In some ways, this is a very impressionistic movie, more about evoking a feeling and using a fairly limited palette, heavy on the repetition of specific images and ideas, to sustain that feeling. It’s less stylish than Suspiria or Profondo Rosso, but individual shots and setpieces do evince some visual flair. One especially vivid moment sees a pool of blood (the consistency of a cherry Slushee) crawling slowly across a marble floor toward the feet of a young girl, but for every moment like that, you’ve got a bluntly depicted gore sequence, and though some are still very effective, some are downright laughable. It’s a much earthier, funkier movie than Suspiria or Profondo Rosso. Instead of stylishly modern apartment buildings you have a run-down hotel with a basement you can practically smell, and all of the graphic violence has a real tactility to it - bodies ooze and drip, blood flows and spills and runs, body parts squish. I wouldn’t call it art, and even when it’s risible it's still pretty fucking gross, but it’s intensely specific and personal.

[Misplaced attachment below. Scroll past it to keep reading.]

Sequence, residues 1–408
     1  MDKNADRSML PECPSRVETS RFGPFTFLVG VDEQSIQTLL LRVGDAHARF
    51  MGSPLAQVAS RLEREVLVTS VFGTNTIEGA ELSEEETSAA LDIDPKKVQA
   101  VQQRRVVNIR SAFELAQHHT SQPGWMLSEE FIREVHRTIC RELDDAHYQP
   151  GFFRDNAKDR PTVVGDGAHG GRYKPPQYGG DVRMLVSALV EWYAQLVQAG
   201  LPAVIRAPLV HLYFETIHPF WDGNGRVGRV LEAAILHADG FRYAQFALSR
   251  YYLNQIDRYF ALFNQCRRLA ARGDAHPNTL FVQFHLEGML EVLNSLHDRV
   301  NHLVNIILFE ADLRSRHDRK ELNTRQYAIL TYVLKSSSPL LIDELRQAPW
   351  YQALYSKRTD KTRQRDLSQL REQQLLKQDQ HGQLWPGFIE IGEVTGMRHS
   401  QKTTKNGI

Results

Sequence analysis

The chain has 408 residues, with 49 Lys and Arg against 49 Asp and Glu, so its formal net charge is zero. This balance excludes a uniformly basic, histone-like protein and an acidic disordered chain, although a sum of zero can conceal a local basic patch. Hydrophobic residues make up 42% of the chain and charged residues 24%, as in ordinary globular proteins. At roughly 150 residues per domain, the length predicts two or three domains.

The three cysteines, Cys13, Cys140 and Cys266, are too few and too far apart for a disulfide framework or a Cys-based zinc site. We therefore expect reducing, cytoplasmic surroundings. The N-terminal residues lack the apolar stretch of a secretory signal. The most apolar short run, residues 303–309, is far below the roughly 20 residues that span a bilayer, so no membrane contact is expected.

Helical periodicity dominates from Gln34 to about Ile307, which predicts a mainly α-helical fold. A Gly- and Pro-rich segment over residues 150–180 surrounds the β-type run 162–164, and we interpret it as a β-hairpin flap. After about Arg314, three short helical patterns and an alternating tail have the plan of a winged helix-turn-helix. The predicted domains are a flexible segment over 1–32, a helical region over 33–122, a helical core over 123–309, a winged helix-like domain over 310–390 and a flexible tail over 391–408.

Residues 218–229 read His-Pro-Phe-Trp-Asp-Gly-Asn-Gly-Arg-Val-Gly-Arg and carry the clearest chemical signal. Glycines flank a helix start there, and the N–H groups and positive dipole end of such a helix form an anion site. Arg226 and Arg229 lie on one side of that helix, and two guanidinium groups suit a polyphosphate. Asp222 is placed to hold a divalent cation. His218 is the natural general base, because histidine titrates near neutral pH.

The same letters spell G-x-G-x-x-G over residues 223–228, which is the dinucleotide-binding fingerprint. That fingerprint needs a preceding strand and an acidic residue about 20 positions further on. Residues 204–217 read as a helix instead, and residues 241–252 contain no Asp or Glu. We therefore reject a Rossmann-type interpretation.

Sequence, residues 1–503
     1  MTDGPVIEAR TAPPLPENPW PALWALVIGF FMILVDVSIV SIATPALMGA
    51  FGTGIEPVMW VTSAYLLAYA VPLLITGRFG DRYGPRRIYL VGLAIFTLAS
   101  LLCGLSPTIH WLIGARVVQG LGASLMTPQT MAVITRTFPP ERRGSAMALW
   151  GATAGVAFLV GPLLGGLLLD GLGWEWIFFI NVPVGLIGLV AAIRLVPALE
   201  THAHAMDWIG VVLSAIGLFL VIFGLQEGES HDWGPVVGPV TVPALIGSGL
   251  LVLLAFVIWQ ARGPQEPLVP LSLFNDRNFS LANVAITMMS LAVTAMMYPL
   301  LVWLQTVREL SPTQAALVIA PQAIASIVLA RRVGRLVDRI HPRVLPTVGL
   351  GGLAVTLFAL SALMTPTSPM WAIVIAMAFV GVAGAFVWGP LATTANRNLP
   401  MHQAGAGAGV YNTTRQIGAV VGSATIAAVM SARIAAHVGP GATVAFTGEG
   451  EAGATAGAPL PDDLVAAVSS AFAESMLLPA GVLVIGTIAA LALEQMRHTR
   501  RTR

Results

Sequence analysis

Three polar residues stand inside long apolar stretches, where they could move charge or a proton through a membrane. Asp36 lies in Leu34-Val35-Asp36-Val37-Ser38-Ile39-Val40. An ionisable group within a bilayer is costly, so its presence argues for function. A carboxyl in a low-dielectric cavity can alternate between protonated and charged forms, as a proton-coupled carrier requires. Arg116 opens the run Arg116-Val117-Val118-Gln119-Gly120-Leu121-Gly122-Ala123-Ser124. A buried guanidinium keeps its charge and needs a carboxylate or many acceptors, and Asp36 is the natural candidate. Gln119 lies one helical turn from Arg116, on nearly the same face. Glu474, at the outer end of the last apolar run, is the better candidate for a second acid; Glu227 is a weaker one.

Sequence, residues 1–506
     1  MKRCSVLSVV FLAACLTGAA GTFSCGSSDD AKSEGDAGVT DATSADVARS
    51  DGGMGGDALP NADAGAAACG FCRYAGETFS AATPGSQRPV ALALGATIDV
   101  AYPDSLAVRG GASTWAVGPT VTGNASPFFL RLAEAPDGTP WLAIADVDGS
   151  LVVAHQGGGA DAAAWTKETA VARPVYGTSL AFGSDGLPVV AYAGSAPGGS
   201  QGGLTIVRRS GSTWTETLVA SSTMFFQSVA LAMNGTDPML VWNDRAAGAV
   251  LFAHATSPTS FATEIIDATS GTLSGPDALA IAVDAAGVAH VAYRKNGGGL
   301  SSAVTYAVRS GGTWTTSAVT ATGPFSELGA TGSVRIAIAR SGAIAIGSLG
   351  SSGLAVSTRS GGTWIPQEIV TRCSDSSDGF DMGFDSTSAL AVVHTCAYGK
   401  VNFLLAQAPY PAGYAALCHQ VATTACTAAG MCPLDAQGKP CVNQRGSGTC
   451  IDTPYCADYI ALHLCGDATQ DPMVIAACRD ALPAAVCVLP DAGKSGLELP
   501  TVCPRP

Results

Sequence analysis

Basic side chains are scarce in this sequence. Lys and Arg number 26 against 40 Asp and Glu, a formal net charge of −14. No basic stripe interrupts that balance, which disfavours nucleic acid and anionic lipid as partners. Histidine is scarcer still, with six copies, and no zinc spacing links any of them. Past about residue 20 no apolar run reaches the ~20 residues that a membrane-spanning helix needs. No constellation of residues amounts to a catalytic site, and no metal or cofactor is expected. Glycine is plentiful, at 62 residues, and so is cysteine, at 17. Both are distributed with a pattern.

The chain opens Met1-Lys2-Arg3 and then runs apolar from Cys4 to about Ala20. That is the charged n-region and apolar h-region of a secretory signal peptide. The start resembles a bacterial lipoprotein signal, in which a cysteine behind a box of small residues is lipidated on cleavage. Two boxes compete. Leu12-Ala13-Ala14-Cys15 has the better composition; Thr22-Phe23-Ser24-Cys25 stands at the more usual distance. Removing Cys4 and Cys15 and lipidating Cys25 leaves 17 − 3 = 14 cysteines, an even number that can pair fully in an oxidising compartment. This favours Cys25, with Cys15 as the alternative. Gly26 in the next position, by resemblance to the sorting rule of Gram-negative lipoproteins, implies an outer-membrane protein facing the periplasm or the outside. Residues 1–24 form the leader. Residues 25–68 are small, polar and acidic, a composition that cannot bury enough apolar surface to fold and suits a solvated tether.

This extends into the production as well. The camerawork uses a lot of quick zooms and pans to keep things tense, the editing uses a lot of sudden cuts to striking images (especially close-ups on pairs of blank, unseeing eyes) and extreme close-ups in the more violent scenes to keep things uncomfortable. Apart from the gross old hotel, some of the action takes place at a hospital whose interiors are stylishly modern and relentlessly white by comparison, and the contrast throws both into sharp relief. There are just enough establishing shots of New Orleans and the surrounding area to keep it from feeling too much like a film where one city is being played by an entirely different city, so it doesn’t feel as silly as it could. Like other film in the style, the soundtrack is mostly something akin to jazz fusion, all keyboards and uptempo drums and slap bass, which in some instances is innocuous, and in others (usually instances where someone is being dispatched in gruesome fashion) makes the whole thing feel even stranger.  The pacing is pretty good throughout until it hits a snag in the last act. It feels like the producers told the director to insert an entirely unnecessary chase sequence, and according to IMDB trivia, that’s exactly what happened. You can tell -  it drags on for entirely too long, and it means the protagonists have to mysteriously end up someplace else entirely, but the film still ends on a pretty striking note. It doesn’t quite have the impact it would otherwise because of the pacing issues, but  the imagery is still surprising and evocative.